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Installation of Arduino on all Linux distributions


This is your "last hope", and should work for all Linux distributions.

  • If you already have a working Arduino IDE and you just want to update it, just go to IDE DOWNLOAD
  • Install openJDK from your repository or from
    • Tip 1: If for some reason openJDK doesn't work for you, try the oracle JRE:
  • It is highly recommended to use an Arduino IDE > 1.0.1, because it uses an internal pre-build gcc compiler. This excludes all tool-chain problems, or at least guarantees we all have the same problem.
    • Tip 2: If you still want to use an older IDE, install avr-gcc (aka "gcc-avr"), avr-gcc-c++, avr-lib (only if you plan to use the arduino-IDE prior 1.0.1)
    • Tip 3: Older arduino boards (like Arduino 2009, Mini, etc..) work perfectly on the IDE 1.0.1
  • Plug in your Arduino.
  • Prior to Arduino Uno you should find /dev/ttyUSBX where X is a number that may vary.
    Using an Arduino Uno you should find /dev/ttyACMX

If you find it, go to SET THE PERMISSION
If not, see the next chapter NO ttyUSBX or ttyACMX

No ttyUSBX or ttyACMX

Does Linux find the USB connection?

That's easy. Plug in your Arduino, then type in your terminal dmesg | tail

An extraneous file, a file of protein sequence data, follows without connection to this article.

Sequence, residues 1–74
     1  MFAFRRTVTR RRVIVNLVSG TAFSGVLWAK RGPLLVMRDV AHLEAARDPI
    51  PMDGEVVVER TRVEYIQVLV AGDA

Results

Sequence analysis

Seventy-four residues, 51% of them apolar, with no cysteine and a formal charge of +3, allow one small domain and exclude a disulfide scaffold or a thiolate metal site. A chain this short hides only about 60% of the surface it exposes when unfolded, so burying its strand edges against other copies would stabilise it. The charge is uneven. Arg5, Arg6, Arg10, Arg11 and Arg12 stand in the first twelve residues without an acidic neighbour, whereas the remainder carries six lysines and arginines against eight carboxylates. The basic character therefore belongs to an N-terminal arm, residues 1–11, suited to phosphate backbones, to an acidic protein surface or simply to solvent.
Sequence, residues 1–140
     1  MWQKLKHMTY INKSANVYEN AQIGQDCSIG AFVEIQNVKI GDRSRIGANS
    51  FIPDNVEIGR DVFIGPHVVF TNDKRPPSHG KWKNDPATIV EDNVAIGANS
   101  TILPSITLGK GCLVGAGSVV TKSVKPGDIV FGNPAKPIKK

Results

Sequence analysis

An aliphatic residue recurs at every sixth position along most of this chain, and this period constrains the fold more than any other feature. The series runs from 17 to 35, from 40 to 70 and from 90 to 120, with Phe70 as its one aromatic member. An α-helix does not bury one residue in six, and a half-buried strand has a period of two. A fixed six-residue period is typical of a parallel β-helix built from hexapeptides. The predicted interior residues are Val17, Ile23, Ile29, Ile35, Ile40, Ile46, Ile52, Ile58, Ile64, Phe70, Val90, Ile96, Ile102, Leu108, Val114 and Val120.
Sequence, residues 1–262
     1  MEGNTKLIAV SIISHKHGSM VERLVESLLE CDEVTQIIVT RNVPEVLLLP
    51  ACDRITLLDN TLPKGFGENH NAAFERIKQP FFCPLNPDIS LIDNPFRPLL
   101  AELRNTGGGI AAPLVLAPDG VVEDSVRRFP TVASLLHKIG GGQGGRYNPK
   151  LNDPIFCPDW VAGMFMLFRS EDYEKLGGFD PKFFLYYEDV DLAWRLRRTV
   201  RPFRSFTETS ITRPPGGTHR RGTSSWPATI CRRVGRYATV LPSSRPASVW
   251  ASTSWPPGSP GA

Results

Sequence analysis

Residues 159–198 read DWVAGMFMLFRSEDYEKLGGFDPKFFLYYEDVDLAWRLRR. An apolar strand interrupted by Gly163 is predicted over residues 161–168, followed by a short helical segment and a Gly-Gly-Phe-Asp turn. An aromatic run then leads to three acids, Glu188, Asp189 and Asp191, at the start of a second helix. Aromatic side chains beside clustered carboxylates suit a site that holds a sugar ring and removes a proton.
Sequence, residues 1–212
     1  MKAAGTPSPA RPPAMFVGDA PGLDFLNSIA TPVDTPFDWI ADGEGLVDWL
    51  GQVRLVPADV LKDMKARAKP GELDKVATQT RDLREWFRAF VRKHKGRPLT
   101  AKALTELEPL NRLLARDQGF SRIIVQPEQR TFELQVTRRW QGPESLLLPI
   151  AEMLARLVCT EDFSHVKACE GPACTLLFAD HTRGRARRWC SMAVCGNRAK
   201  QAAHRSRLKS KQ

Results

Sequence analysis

For Arduino < Uno, you will see something like

ftdi_sio 3-2:1.0: FTDI USB Serial Device converter detected
usb 3-2: Detected FT232RL
usb 3-2: Number of endpoints 2
usb 3-2: Endpoint 1 MaxPacketSize 64
usb 3-2: Endpoint 2 MaxPacketSize 64
usb 3-2: Setting MaxPacketSize 64

For Uno:

[  447.848039] usb 3-1: new full speed USB device using uhci_hcd and address 2
[  448.046079] usb 3-1: New USB device found, idVendor=2341, idProduct=0001
[  448.046085] usb 3-1: New USB device strings: Mfr=1, Product=2, SerialNumber=220
[  448.046089] usb 3-1: Product: Arduino Uno
[  448.046092] usb 3-1: Manufacturer: Arduino (

For Leonardo (unless you're running a recent version of Ubuntu), type echo "0x1b4f 0x9204" > /sys/bus/usb/drivers/cdc_acm/new_id